But before you let the idea of keeping more of your earned income affect your long-term planning, it should be kept in mind that virtually all of the individual tax cuts are scheduled to expire at the end of 2025. Yes, Republicans confidently assert that they’ll be extended because the trickle-down effects of the tax bill will produce an economic paradise that will wipe out the trillion dollars in debt this bill produces even according to its own fuzzy math. But that’s classic pie-in-the-sky-bye-and-bye.
In addition, the bill changes the way inflation affects tax brackets in a way that will increase effective income tax rates over time. So enjoy lower tax rates, if you can, while they last.
6. The federal government wants you to have children. The tax credit made available to parents for each child is being doubled, and the benefit will be available to a lot more people at the higher end of the income scale (the credit will begin phasing out for individuals earning over $200,000 and couples earning over $400,000). Thanks to a late pressure play by Senator Marco Rubio, the credit will be more valuable to people with no federal income tax liability but who owe payroll taxes; still, the overall benefit remains tilted toward the upper-middle class.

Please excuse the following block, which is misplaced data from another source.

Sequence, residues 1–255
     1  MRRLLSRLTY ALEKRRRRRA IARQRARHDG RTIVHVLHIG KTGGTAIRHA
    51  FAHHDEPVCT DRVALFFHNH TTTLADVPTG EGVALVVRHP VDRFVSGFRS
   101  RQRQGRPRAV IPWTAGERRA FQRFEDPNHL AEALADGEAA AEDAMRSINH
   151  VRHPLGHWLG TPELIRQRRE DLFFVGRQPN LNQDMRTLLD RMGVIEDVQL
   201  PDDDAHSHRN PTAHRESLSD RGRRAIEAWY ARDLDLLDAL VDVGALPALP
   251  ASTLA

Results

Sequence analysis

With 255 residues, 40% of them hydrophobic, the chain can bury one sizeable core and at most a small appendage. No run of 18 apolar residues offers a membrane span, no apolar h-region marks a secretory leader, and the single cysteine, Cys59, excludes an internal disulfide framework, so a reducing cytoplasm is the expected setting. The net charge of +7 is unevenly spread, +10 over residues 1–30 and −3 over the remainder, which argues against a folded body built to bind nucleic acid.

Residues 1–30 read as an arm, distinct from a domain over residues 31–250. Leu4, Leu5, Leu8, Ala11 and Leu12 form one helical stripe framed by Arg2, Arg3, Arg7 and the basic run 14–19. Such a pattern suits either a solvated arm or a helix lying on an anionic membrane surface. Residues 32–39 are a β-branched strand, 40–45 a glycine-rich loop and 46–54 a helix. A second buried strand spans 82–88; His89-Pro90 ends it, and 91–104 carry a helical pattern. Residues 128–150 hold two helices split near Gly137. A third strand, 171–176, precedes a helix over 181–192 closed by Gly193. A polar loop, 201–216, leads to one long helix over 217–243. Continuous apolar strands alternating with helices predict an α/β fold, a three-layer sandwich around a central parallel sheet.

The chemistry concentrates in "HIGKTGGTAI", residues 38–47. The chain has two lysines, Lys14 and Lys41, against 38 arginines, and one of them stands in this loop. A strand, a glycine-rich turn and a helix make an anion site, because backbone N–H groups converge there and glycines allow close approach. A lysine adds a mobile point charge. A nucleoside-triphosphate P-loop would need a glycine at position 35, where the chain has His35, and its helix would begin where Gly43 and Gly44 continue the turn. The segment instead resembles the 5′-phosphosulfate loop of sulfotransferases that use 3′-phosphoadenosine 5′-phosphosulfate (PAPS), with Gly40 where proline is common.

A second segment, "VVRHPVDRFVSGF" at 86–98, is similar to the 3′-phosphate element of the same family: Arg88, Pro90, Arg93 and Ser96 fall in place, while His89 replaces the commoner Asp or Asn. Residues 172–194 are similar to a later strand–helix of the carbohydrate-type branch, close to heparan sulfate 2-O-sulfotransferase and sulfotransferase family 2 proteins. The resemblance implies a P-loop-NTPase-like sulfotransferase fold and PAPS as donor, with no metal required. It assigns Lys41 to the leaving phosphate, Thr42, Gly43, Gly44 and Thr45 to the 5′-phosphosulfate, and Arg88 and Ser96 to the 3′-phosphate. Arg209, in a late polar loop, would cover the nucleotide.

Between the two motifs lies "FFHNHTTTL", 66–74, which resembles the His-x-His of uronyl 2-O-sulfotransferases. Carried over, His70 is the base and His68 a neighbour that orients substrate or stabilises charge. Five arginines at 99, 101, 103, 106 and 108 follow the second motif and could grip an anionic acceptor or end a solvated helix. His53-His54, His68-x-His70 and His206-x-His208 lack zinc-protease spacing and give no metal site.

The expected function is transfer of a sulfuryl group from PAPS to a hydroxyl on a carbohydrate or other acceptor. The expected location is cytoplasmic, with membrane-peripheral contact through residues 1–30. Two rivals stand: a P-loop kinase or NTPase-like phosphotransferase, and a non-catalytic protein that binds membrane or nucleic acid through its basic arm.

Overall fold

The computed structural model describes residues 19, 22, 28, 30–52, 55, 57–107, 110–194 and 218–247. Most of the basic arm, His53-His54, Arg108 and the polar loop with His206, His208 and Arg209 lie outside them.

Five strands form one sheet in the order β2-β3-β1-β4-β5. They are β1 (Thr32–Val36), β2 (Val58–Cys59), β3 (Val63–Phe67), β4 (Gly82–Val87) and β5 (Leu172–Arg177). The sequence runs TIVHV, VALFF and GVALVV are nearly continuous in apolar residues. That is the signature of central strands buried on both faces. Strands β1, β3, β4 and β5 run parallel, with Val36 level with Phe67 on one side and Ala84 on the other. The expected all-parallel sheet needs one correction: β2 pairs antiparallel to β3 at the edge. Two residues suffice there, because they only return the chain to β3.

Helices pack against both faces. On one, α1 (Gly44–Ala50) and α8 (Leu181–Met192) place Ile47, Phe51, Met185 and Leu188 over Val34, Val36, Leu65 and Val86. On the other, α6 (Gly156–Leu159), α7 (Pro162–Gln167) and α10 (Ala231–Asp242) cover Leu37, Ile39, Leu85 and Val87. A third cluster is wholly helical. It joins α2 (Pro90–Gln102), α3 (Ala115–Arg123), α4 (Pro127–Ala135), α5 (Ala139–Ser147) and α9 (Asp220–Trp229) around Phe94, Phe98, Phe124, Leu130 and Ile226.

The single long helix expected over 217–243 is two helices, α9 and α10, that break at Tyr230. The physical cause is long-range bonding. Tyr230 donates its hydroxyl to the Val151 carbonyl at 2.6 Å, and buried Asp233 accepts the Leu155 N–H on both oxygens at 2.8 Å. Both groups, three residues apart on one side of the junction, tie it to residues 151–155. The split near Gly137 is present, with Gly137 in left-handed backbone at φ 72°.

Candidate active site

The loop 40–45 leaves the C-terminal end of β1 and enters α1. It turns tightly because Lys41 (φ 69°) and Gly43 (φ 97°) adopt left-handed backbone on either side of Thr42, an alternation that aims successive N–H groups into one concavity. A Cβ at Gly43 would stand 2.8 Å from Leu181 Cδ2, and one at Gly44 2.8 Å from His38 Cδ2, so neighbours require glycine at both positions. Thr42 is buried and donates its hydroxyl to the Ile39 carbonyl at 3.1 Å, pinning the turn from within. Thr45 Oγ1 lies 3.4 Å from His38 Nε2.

If you are the kind of person who wants to have lots of kids because of conservative religious views, the tax bill may have another tasty treat for you: an extension of a popular tax break for educational savings accounts from higher education to K–12 expenses. This effectively subsidizes religious schools and home-schoolers.
7. “Pass-through” business income will get a big new break. If you’re a lawyer or some other kind of professional operating through a partnership, a sole proprietorship or an S-corporation, you can get a new deduction sheltering 20 percent of your income from individual taxation, effectively reducing the tax rate. The break is structured to give significantly greater help to capital-intensive businesses on the theory that their income is less like earned individual income. But it may have a perverse effect:
“This seems ideally suited for commercial property businesses, where there aren’t a lot of workers, but there is a lot of valuable property around,” said Steven Rosenthal, senior fellow at the nonpartisan Tax Policy Center, a think tank.
Three guesses which very prominent Republican is in the commercial property business.
8. If you’re a tax adviser, you’re in luck. While the bill will hurt some low-cost tax preparers once the negative impact on itemizing deductions kicks in, there are other features that will be a boon to the industry. One is the likely flood of wealthy people trying to qualify for the pass-through break described above. And the other, for tax professionals who aren’t taking any time off between now and the New Year, is the rush to figure it all out before that January 1 effective rate.
Good luck with that.